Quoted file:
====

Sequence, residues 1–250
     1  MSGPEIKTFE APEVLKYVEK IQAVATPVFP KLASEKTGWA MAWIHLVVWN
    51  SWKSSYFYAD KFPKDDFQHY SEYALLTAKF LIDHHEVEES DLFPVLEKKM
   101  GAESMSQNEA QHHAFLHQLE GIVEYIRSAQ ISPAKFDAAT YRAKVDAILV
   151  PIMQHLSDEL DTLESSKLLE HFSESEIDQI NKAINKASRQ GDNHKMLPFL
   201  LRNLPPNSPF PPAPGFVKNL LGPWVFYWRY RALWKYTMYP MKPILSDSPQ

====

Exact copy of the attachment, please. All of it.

Sequence, residues 1–250
     1  MSGPEIKTFE APEVLKYVEK IQAVATPVFP KLASEKTGWA MAWIHLVVWN
    51  SWKSSYFYAD KFPKDDFQHY SEYALLTAKF LIDHHEVEES DLFPVLEKKM
   101  GAESMSQNEA QHHAFLHQLE GIVEYIRSAQ ISPAKFDAAT YRAKVDAILV
   151  PIMQHLSDEL DTLESSKLLE HFSESEIDQI NKAINKASRQ GDNHKMLPFL
   201  LRNLPPNSPF PPAPGFVKNL LGPWVFYWRY RALWKYTMYP MKPILSDSPQ